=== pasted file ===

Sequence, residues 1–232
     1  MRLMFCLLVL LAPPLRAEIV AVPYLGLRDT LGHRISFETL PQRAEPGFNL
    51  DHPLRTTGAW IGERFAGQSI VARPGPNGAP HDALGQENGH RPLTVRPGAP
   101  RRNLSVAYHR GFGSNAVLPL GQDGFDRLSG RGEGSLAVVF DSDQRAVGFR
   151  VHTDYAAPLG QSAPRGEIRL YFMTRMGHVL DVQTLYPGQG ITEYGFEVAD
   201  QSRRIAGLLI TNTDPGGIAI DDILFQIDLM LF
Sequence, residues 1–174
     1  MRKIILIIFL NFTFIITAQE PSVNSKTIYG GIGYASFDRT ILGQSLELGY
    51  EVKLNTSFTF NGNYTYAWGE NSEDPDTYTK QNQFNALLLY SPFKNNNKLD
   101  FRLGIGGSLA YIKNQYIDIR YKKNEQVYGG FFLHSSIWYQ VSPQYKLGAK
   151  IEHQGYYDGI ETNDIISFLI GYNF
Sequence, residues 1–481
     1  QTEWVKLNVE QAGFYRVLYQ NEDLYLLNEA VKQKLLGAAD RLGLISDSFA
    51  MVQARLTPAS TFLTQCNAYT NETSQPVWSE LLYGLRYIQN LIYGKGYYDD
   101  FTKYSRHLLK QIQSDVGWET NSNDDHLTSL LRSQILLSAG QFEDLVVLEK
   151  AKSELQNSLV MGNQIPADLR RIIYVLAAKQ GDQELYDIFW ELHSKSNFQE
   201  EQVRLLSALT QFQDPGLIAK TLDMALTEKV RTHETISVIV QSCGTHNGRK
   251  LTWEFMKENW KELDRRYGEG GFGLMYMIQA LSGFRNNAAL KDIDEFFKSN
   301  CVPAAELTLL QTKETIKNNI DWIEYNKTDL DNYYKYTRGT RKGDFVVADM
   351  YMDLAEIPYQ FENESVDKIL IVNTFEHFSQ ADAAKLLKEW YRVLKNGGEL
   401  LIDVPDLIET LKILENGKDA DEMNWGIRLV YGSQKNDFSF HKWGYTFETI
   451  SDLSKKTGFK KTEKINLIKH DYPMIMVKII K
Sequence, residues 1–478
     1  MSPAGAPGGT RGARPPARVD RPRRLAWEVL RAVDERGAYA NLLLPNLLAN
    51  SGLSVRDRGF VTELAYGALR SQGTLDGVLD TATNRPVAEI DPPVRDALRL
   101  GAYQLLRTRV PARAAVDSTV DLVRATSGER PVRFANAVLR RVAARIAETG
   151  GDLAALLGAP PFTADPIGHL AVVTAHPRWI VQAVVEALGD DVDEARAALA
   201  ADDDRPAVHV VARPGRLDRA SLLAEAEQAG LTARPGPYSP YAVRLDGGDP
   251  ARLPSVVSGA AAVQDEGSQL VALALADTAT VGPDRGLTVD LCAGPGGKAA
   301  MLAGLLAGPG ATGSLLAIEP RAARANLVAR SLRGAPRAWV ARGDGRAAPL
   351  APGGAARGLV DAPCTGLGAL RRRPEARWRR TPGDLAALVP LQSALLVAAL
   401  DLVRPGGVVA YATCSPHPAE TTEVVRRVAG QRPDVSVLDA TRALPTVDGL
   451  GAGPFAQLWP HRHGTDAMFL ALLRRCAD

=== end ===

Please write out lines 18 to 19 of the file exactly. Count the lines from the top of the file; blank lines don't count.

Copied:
   251  LTWEFMKENW KELDRRYGEG GFGLMYMIQA LSGFRNNAAL KDIDEFFKSN
   301  CVPAAELTLL QTKETIKNNI DWIEYNKTDL DNYYKYTRGT RKGDFVVADM